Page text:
Although the Canadian Pediatric Society has not developed its own policy on food additives and their impact on child health, the APP does not stand alone in their concerns. Other bodies who have published reports or consensus statements related to this topic include:
- The Endocrine Society (2015) - here
- The International Federation of Gynecology and Obstetrics (2015) – which includes the Society of Obstetricians and Gynaecologist of Canada - here
- The WHO/UNESCO (2013) - here
So now that I’ve scared you to death, here are a few things to remember.
After reading this report I had a bit of an internal panic-attack. And then my husband kindly put things into perspective for me by reminding me of the story that back in the 80’s my mom had held me as a newborn on her lap in the front seat of the car on a road trip all the way from from Southern Ontario to Manitoba.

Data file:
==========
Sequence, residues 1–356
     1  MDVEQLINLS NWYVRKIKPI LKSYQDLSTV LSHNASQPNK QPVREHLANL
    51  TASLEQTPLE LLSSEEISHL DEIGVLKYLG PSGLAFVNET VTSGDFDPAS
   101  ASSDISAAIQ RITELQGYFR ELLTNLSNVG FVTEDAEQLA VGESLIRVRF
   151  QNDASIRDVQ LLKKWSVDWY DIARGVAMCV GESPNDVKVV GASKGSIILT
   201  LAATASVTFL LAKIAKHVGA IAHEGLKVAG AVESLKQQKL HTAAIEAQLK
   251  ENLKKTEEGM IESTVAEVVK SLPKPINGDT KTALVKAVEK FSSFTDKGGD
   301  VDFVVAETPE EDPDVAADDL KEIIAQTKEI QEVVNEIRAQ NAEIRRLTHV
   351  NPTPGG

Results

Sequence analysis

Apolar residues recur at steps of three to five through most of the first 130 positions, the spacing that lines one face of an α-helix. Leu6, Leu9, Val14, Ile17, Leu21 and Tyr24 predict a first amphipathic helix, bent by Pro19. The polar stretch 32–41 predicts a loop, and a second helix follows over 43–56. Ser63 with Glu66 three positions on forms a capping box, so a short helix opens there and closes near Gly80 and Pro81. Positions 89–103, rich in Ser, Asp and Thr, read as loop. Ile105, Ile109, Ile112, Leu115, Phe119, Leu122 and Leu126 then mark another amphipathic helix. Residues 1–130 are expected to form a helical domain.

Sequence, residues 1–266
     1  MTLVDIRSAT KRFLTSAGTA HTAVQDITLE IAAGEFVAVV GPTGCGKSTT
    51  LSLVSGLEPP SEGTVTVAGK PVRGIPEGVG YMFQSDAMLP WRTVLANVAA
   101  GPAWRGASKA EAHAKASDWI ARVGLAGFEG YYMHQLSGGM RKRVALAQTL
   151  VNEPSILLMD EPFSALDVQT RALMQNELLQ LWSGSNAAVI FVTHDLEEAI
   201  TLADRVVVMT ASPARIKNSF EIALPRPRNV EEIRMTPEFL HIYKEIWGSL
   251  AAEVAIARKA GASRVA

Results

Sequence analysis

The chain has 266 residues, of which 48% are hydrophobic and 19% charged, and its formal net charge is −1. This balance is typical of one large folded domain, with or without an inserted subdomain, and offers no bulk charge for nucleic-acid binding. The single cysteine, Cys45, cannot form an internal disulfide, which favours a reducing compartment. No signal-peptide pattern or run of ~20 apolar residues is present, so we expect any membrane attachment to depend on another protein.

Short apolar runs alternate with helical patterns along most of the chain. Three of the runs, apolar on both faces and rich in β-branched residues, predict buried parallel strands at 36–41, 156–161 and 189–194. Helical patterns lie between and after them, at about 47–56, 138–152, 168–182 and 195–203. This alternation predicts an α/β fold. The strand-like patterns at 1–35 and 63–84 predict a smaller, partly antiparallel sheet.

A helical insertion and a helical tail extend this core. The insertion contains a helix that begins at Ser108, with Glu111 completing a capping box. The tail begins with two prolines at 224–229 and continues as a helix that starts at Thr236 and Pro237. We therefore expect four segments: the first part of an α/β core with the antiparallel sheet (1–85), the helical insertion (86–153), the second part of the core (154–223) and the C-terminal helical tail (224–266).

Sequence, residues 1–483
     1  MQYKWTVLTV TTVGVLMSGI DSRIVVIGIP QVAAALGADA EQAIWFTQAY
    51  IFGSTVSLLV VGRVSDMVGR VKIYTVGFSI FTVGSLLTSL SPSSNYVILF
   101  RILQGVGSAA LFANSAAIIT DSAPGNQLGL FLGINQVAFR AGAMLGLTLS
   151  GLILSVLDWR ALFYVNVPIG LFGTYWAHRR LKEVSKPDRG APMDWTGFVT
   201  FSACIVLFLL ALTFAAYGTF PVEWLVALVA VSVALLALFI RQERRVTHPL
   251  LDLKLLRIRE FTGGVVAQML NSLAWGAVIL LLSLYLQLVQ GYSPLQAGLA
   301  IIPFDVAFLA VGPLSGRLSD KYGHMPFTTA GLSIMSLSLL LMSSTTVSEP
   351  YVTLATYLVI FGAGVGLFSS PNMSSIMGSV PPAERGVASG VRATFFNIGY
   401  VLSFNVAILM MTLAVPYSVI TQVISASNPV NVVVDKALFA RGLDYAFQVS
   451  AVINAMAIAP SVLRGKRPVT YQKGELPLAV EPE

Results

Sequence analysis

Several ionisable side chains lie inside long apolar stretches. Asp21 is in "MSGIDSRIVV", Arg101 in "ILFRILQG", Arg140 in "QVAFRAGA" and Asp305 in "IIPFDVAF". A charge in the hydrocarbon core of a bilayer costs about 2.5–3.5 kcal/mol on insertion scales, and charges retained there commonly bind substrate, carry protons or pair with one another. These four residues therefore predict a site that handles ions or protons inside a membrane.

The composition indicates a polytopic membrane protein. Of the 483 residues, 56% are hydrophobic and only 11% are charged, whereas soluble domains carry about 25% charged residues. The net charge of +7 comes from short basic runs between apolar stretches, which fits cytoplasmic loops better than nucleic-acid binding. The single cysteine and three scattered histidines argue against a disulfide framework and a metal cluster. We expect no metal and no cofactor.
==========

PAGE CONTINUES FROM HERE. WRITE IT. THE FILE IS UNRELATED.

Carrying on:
We only know what we know at the time and have to make decisions based on the current information available. If my mom was parenting now she would have absolutely purchased a car seat and had me strapped in it.
We didn’t know about a lot of this information years back, so don’t beat yourself up. I was fed formula from BPA-laced bottles back in the day and I’m still breathing.
A lot of the information that was shared in this report deals with increasing evidence from animal studies and some human data. It is extremely difficult to show that each of these chemicals CAUSES the development of a disease, as it is downright unethical to run studies where some children would be routinely exposed to these chemicals and others not, considering that we suspect they do cause harm. Therefore, researchers can only use softer data from observational studies which takes longer to establish stronger links.
However, as the author of this study put it in an interview with the Globe and Mail: